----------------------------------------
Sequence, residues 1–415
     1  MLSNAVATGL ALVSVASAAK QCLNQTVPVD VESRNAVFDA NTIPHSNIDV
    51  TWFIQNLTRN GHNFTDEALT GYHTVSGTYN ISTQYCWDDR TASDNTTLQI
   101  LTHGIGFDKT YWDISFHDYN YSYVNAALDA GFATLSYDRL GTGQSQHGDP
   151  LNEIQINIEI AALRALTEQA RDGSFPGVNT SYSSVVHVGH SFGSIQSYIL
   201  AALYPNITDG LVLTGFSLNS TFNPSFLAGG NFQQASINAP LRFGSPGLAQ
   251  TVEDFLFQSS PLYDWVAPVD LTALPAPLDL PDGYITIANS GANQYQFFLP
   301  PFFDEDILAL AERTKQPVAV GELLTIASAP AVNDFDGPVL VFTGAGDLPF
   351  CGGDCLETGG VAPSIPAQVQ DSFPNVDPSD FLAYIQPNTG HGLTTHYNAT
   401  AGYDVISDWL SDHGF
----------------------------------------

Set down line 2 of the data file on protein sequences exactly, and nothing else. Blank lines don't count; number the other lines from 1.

     1  MLSNAVATGL ALVSVASAAK QCLNQTVPVD VESRNAVFDA NTIPHSNIDV